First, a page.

Morning. I can feel its stillness. I can feel the energy of the crowd. I can taste the sweat streaming down my face. I can smell my own fear. I can hear my heart, its beating becoming pounding, gasping, wincing, sighing, trembling, raging, cowering, despairing, dropping, mourning.
My favorite person in the Bible is Pontius Pilate. Suffice to say: I can appreciate his situation, and I take comfort that there was a man named Pontius Pilate at the praetorium that Friday morning …because, if there hadn’t been, it could’ve, it should’ve, been a young lady named Paula Rondon.
I identify with Pontius Pilate because he’s human. He’s neither extraordinarily good nor despicably bad. He’s right there in the middle like most of us. He has the capacity in him for righteousness: he knows Jesus isn’t guilty and even prods the crowd to provide a good reason for His execution.
But we know how the story goes. Pilate is no hero. He failed, as I would have failed, to see that the answer to his question, the most human of all questions, “What is truth?”, was the Man staring right back at him.
Pilate caved into fear, and I would have, too. And I’m okay with admitting that I would’ve shirked responsibility and fallen into the temptation of the easy way out. My favorite characters in literature have, too: Ismene, the cowardly sister of Antigone in Sophocles’ tragedy, and Mary Warren, the fair-weather friend to truth and to falsehood in the Crucible. Both Ismene and Mary Warren are contrasted with the heroes of their respective tales and both women (girls, really) fall short …and so do I. I fall short all the time. I’m no hero, and I can’t relate to the heroes of stories, much as I may wish and do strive to be like them. No, I’m no hero. But I do need one. And maybe that’s the lesson of Pontius Pilate. Maybe that’s the lesson of every time I’ve fallen into temptation. Maybe that’s the earth-shaking, veil-tearing, heart-rending lesson of Good Friday: we all stand convicted of our imperfection and we need a hero. And not just any hero, but the One Who has taken our very conviction upon Himself even as He says, “Father, forgive them, they know not what they do.”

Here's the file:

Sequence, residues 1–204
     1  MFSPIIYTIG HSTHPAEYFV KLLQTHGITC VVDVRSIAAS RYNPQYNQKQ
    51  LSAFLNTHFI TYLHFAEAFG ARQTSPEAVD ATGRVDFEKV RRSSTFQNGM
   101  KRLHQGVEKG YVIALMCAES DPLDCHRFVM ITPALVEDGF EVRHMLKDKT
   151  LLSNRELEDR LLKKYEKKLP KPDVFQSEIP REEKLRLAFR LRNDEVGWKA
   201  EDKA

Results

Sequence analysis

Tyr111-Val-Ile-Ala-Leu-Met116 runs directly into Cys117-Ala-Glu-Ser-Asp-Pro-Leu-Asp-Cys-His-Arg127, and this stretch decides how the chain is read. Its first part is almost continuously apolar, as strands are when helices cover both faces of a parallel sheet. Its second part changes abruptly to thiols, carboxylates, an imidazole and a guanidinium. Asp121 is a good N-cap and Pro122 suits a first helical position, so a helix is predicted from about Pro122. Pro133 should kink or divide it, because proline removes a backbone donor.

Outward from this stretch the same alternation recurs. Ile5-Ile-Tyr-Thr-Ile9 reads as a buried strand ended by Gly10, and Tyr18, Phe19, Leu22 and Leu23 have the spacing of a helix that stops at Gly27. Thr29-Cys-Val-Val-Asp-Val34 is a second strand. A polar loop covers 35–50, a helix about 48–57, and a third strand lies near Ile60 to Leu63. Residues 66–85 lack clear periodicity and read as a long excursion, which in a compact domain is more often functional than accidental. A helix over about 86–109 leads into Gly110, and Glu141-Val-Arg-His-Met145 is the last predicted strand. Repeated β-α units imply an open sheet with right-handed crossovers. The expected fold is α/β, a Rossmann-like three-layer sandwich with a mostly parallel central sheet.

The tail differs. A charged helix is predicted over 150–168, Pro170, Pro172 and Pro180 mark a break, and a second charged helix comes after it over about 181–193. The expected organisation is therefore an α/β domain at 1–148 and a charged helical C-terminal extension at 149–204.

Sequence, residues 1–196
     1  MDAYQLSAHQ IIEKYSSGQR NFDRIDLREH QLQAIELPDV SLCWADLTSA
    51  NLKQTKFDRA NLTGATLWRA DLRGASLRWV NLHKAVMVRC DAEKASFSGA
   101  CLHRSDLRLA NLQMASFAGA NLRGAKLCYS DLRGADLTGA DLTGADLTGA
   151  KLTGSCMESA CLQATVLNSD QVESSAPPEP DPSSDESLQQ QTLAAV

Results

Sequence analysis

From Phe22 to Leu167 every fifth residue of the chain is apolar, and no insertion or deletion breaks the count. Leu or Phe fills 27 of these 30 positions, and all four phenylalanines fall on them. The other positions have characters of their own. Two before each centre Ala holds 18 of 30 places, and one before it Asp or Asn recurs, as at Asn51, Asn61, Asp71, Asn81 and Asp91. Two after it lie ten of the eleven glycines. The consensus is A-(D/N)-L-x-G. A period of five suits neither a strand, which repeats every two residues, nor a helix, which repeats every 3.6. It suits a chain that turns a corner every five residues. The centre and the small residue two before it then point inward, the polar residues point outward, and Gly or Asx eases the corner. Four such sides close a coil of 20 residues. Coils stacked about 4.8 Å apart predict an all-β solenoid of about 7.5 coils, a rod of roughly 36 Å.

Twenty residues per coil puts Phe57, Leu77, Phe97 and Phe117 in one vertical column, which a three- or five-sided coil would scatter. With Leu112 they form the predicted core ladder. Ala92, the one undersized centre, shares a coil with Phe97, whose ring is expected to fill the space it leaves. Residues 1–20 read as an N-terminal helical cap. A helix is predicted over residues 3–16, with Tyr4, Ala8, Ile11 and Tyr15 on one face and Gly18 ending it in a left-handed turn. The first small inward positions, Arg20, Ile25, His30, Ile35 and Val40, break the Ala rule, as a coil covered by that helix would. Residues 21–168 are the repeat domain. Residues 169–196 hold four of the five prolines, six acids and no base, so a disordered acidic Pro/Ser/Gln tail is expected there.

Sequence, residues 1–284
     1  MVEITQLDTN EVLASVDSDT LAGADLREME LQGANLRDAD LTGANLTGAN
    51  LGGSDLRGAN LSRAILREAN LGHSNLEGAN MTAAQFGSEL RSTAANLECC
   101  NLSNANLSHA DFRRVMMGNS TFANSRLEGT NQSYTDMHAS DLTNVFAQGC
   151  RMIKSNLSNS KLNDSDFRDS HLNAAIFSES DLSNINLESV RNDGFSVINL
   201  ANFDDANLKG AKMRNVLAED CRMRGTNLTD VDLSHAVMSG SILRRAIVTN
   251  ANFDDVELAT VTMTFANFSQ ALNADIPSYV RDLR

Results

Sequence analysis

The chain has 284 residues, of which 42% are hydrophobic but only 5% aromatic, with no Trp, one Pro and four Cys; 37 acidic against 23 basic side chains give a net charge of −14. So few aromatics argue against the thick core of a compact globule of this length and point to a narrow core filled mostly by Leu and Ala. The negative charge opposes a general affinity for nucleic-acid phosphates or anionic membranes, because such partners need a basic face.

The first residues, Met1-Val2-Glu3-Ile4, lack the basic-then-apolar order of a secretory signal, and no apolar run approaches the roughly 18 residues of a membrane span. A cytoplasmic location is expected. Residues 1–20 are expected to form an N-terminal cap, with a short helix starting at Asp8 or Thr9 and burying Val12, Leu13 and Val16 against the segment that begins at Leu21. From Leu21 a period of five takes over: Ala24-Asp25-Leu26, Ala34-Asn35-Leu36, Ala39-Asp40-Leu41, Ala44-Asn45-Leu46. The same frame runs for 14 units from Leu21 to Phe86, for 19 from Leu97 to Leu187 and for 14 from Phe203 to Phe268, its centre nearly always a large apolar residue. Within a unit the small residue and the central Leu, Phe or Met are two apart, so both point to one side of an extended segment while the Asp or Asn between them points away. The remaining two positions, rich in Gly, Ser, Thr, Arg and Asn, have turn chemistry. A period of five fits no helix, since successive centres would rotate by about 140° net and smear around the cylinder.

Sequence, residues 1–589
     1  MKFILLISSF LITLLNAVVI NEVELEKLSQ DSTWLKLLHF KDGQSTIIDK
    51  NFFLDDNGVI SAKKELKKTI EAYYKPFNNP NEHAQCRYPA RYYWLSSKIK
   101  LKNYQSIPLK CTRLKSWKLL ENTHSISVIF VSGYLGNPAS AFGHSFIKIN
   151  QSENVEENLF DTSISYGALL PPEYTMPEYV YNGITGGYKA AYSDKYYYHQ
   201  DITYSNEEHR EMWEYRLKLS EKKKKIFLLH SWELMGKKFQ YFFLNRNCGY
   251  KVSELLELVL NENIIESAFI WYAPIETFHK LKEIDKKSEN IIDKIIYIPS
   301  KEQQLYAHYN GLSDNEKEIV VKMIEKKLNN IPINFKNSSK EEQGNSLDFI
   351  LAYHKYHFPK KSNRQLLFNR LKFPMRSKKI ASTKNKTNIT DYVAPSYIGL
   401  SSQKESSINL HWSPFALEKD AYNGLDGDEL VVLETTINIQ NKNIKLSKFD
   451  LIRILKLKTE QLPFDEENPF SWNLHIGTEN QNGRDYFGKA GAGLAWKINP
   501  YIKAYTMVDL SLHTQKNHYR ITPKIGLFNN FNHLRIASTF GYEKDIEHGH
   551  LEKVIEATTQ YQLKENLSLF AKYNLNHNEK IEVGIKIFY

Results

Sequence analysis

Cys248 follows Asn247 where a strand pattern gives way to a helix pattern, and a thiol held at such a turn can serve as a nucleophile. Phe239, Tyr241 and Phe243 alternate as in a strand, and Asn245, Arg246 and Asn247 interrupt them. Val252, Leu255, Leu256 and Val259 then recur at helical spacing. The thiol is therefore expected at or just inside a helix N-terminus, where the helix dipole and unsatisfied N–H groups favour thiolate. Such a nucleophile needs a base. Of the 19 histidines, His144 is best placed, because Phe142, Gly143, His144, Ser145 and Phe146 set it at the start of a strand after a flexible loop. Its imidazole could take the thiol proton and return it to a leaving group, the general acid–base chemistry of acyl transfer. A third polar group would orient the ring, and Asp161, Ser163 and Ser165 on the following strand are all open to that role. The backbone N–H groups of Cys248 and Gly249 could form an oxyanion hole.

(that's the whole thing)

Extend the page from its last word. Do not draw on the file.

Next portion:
“Tell me, what kind of Love is this?”
Jesus was crucified under Paula Rondon. That’s no mere hypothetical. Pontius Pilate isn’t some surrogate, some whipping boy. And if he is a substitute, then it’s in place of me: for I’m the one who deserves the whipping. But do you know on whom the whip fell instead? His name is Jesus, who is Christ the Lord, “for God the Just is satisfied to look on Him and pardon me.”
With prayers for a joyful, blessed Easter,
“Father, forgive them, they know not what they do.” …from the Gospel of Luke 23:34.
“Tell me, what kind of Love is this?” …from the song “Healed” by Nichole Nordeman.
“For God the Just is satisfied to look on Him and pardon me.” …from the hymn “The Advocate (Before the Throne of God Above)” by Charitie Lees Smith.